Tag Archives: Jante law

You are not to think you are anything special?

3 Jul

Community3jpg

The ten rules state:

  1. You’re not to think you are anything special.
  2. You’re not to think you are as good as we are.
  3. You’re not to think you are smarter than we are.
  4. You’re not to imagine yourself better than we are.
  5. You’re not to think you know more than we do.
  6. You’re not to think you are more important than we are.
  7. You’re not to think you are good at anything.
  8. You’re not to laugh at us.
  9. You’re not to think anyone cares about you.
  10. You’re not to think you can teach us anything.

Your child is living in a world of comparisons and it is hurting them. No other generation in the history of ever have spent so much time comparing themselves to others and it’s causing all sort of social and personal anxieties.

They have also been told that they are above average and the truth is that some of us are below average some of us are above average but most of us are average that’s how average works and thats ok. Most of us are average.

If we are all special then we have to change the meaning of the word special because as it sit’s we can’t all be “Better, greater, or otherwise different from what is usual” as the Oxford dictionary outlines.

Your child is living in a world of comparisons and it is hurting them

The ten rules outlined above are called the Jante Law in Denmark Jantelagen in Sweden and Janteloven in Norway. They are derived from a book written in 1933 A Fugitive Crosses His Tracks by Aksel Sandemose a Danish turned Norwegian author. Jante is a fictional town that Sandemose writes about that focuses on the collective rather than the individual.

For many who live in rural Norway, Denmark and Sweden these rules have subconsciously been a part of their way of life for many years. No one is seen as greater than the collective. It has led to an egalitarian society with higher levels of humility than most and a place for each country on the top ten list of the Worlds happiest countries. Hard though if your personality wants to stick out from the norm.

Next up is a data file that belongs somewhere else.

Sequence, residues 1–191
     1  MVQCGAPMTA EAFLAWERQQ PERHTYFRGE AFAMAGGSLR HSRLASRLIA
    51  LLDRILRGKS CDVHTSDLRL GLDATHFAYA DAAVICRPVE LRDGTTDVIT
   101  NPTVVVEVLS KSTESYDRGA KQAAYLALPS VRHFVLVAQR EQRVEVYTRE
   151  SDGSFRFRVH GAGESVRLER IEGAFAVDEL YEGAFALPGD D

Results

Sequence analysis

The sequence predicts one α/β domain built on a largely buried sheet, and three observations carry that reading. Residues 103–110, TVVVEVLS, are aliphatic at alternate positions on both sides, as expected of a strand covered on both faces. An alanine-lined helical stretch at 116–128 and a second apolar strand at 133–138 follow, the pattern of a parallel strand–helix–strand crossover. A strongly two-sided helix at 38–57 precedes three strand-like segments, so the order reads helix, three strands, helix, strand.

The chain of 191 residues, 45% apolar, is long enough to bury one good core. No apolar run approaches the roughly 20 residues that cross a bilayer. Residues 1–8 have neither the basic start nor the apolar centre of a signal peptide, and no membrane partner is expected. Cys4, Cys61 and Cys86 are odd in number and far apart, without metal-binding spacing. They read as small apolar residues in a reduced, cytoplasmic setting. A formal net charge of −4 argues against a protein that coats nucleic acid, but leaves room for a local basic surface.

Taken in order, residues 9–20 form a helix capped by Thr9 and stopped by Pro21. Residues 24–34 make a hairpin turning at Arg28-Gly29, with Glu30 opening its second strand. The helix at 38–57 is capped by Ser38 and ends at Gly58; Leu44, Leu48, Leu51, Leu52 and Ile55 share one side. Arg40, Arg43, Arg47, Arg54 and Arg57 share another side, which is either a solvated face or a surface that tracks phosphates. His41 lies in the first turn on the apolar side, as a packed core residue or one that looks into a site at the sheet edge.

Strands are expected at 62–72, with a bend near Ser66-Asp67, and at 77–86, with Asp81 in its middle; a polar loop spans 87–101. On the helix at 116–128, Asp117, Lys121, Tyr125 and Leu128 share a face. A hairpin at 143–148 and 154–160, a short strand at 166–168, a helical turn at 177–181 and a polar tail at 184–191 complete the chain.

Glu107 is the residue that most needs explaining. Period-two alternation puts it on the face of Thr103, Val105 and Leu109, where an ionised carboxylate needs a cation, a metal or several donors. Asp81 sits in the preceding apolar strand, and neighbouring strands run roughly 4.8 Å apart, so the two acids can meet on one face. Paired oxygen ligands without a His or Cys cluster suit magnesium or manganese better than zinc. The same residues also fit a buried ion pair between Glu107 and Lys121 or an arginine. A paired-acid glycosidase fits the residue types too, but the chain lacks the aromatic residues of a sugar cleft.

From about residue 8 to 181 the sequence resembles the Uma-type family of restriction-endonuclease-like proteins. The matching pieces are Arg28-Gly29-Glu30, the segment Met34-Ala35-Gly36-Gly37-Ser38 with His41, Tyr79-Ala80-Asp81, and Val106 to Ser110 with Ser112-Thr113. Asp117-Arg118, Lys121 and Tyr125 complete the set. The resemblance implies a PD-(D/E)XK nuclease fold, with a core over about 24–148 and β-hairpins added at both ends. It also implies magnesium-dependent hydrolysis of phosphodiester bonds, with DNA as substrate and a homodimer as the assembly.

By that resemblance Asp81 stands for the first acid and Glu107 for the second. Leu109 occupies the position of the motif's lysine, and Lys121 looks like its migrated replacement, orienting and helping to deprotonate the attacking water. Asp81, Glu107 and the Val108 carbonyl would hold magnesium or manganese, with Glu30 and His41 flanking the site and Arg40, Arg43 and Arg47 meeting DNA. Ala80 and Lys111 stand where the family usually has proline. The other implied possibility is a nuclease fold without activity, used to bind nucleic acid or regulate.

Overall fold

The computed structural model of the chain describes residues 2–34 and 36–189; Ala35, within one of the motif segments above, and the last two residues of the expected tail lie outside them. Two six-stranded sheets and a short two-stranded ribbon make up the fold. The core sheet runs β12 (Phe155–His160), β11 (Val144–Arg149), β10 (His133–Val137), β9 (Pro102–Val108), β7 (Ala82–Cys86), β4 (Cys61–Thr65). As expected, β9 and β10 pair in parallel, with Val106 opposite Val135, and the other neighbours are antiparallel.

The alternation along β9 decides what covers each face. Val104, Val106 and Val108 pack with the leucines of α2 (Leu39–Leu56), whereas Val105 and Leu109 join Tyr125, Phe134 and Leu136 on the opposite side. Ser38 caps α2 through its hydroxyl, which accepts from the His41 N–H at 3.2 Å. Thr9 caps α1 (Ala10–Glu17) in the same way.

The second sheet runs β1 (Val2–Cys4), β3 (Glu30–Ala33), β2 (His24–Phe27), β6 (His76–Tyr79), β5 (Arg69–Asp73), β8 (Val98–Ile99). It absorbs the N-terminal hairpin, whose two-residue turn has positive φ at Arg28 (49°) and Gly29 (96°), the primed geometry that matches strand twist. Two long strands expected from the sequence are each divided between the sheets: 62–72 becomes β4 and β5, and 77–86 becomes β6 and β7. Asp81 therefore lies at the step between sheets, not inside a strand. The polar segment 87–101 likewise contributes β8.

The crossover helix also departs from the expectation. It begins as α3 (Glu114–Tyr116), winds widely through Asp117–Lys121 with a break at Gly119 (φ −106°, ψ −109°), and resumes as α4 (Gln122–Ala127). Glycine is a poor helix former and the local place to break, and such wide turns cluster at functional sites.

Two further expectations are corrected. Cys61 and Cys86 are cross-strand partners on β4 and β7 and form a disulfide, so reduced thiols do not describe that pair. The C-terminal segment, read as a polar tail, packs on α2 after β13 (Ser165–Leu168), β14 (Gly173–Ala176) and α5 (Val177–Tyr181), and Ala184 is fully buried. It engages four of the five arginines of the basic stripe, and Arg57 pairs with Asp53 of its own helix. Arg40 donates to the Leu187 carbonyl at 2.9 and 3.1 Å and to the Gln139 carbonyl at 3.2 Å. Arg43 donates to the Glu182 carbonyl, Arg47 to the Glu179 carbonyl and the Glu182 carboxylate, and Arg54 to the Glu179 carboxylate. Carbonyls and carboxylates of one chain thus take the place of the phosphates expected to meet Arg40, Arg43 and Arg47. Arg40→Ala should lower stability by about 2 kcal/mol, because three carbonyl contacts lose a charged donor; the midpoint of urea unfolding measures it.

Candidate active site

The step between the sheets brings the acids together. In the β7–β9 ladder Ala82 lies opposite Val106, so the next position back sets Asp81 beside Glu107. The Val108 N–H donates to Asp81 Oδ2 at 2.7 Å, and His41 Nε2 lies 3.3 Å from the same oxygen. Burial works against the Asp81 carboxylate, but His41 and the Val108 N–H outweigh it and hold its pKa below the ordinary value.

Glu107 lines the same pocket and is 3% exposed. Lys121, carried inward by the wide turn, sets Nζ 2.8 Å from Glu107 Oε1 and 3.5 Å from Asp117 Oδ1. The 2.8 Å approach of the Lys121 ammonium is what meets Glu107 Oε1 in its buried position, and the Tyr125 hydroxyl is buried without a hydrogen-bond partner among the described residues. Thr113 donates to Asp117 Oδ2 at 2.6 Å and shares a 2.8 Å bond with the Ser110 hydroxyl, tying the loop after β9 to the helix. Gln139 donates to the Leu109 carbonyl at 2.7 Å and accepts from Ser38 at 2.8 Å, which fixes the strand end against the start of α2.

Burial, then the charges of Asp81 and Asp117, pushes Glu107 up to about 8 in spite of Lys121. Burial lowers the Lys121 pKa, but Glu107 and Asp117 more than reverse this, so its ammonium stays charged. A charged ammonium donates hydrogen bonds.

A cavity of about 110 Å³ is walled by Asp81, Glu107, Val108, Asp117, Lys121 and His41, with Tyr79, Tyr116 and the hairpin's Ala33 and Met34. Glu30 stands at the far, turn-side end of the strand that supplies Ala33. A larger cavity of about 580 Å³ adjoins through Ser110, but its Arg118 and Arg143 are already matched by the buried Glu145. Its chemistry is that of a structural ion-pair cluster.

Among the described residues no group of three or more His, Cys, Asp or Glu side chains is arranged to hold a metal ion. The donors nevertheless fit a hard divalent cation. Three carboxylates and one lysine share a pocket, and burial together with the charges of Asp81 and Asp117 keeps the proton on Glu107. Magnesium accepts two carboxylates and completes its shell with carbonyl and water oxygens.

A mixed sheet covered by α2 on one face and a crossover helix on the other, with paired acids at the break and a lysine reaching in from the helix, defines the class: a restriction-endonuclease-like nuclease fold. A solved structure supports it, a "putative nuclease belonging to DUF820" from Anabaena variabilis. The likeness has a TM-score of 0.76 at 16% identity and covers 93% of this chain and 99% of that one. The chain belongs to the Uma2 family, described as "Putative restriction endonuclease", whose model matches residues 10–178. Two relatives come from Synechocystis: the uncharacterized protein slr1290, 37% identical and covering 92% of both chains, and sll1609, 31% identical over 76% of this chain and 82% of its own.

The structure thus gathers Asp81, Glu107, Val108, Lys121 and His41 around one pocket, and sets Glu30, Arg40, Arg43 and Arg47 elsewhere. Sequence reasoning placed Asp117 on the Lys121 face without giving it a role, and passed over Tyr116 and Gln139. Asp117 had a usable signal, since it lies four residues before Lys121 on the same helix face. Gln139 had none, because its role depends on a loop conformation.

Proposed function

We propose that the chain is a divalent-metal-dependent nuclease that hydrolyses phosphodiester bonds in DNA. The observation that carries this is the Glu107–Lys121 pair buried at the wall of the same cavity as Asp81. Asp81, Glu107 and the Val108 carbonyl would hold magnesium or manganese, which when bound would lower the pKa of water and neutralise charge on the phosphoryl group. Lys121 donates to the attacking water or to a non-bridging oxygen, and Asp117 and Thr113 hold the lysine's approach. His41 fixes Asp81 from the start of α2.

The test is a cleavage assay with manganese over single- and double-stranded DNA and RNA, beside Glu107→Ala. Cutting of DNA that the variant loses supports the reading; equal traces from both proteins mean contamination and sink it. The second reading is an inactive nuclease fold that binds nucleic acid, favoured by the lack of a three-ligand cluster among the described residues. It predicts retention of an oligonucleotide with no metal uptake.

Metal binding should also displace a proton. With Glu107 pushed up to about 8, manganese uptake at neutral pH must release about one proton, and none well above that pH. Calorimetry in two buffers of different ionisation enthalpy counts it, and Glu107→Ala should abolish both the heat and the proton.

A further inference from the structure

In Sweden they have a term many other countries struggle with Lagom. Lagom  for the Swedes means not too much of one or the other ,just right, or average. It is this ability to find contentment in what you have rather than wishing for more, that allows the Swedes a level of contentment that other countries struggle with. Align your expectations with your reality and Happiness follows.  Spend your evening outlining your amazing  accomplishments to dinner party full of Swedes might be the last dinner party you are invited to for a while. It is simply not the done thing.

Maybe the subconscious living of the laws in Nordic countries allows Happiness to be maintained as expectations are lower than in other countries and when those expectations of Life are surpassed or equalled then happiness is experienced.

Happiness ≥ reality – expectations

In a world of increasing child and teen anxiety, trying to prove your place in the world and base your existence on success is raising our expectation levels to unattainable heights. Is a bit of Jante and Lagom positive for the way we interact with others. Is a society based around Jante law the key to a happier existence? The world of exposure to information, comparison, negative news and less privacy is where kids and teens presently live and it is not serving them well.  They have a fear of the world and a ready naivety in sharing information to others without the realisation of the consequences.

There are eleven laws of Jante outlined in Sandemon’s novel but one law is rarely mentioned. I think that law is more pertinent to why so many experience higher levels of anxiety and isolation than ever before, it’s a law that sums up our modern data and information obsessed cultures and it’s become increasingly worrying. For every parent that allows their child to pst and share information online. Be aware of law number 11

  1. Perhaps you don’t think we know a few things about you?

 

%d bloggers like this: